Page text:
Hoag’s Object is a non-typical galaxy of the type known as a ring galaxy. The galaxy is named after Arthur Hoag who discovered it in 1950 and identified it as either a planetary nebula or a peculiar galaxy with eight billion stars.
A nearly perfect ring of young hot blue stars circles the older yellow nucleus of this ring galaxy c. 600 million light-years away in the constellation Serpens. The diameter of the 6 arcsecond inner core of the galaxy is about 17±0.7 kly (5.3±0.2 kpc) while the surrounding ring has an inner 28″ diameter of 75±3 kly (24.8±1.1 kpc) and an outer 45″ diameter of 121±4 kly (39.9±1.7 kpc), which is slightly larger than the Milky Way Galaxy.[a] The gap separating the two stellar populations may contain some star clusters that are almost too faint to see. As rare as this type of galaxy is, another more distant ring galaxy (SDSS J151713.93+213516.8) can be seen through Hoag’s Object, between the nucleus and the outer ring of the galaxy, at roughly the one o’clock position in the image shown here.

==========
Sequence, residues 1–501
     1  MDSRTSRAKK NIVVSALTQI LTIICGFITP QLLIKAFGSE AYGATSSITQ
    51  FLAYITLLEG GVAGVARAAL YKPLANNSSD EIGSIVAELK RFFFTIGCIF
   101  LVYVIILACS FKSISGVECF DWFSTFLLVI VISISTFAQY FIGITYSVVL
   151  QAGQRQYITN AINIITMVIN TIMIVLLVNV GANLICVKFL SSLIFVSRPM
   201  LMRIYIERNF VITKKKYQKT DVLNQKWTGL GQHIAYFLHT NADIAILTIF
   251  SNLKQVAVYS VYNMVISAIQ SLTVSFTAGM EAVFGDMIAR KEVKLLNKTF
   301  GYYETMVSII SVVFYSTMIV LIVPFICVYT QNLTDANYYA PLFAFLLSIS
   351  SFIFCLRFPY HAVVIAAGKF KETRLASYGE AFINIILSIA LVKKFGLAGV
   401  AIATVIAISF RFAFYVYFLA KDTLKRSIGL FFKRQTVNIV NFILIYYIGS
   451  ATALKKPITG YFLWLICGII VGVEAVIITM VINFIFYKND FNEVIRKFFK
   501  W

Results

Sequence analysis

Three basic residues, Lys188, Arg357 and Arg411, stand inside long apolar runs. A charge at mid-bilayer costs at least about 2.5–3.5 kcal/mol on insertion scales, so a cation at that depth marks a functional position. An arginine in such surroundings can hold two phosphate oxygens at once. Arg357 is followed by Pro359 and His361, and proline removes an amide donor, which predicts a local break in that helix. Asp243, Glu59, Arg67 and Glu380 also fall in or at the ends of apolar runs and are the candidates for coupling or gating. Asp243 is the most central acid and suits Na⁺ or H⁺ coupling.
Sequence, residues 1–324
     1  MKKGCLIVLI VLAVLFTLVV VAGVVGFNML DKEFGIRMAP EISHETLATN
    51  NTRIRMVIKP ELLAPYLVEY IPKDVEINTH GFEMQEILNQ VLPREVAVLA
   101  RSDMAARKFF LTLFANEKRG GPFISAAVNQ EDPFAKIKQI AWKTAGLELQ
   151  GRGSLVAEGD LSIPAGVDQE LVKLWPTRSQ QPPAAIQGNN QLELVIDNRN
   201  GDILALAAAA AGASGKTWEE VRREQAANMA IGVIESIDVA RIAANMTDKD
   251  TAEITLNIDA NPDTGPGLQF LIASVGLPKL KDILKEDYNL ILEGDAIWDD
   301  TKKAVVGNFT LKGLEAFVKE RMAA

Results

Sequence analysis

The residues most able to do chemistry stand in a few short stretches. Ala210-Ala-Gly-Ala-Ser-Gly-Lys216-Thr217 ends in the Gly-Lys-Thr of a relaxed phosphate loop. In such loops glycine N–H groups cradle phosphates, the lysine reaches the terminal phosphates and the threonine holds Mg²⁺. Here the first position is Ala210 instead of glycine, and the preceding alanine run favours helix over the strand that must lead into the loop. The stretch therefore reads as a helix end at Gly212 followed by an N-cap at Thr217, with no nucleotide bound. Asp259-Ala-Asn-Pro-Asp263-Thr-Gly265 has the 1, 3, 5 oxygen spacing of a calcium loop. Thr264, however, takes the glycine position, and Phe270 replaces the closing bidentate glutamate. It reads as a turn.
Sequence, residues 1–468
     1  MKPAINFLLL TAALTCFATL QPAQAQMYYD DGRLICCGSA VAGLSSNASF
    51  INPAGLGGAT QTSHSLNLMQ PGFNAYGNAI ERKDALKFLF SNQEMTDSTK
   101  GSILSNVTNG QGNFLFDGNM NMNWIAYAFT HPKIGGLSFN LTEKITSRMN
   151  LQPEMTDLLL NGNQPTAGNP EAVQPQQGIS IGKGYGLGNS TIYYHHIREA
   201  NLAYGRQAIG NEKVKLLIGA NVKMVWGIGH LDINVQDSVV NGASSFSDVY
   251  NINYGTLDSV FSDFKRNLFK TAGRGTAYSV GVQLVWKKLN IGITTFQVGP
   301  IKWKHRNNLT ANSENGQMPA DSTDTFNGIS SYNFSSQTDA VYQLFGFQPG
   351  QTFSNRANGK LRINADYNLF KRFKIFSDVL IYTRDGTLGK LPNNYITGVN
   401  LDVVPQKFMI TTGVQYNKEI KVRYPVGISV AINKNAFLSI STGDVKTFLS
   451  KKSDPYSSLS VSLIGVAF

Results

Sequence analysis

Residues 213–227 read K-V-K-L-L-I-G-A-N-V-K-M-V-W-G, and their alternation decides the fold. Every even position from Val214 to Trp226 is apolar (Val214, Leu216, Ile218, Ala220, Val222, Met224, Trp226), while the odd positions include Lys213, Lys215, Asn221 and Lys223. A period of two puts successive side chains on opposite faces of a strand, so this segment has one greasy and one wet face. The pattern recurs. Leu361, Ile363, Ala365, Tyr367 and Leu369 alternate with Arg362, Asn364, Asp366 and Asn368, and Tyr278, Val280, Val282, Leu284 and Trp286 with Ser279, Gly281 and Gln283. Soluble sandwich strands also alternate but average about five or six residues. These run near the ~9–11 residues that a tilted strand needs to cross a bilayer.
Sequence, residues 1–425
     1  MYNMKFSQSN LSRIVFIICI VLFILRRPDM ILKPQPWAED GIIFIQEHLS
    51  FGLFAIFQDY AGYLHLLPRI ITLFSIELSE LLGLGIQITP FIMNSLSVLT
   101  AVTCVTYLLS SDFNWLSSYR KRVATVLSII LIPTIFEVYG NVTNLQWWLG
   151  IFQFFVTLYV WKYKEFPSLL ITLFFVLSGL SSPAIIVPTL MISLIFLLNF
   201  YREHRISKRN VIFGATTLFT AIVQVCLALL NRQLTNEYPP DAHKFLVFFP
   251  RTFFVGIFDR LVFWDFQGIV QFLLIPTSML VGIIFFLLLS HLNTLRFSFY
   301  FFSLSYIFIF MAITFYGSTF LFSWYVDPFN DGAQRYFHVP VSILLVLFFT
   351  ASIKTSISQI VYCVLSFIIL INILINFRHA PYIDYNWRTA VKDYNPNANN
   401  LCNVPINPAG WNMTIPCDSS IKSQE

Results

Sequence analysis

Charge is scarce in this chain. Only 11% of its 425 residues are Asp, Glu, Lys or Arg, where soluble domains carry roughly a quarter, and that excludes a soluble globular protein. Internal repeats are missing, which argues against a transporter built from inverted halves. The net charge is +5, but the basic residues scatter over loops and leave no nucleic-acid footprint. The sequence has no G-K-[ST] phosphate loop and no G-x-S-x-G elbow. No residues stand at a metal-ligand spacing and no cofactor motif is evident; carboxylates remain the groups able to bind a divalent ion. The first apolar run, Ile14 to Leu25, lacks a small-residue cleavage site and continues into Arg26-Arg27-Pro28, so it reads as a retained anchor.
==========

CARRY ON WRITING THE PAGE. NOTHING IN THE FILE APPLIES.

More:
Even though Hoag’s Object was clearly shown on the Palomar Star Survey, it was not included in either the Morphological Catalogue of Galaxies, the Catalogue of Galaxies and Clusters of Galaxies, or the catalogue of galactic planetary nebulae.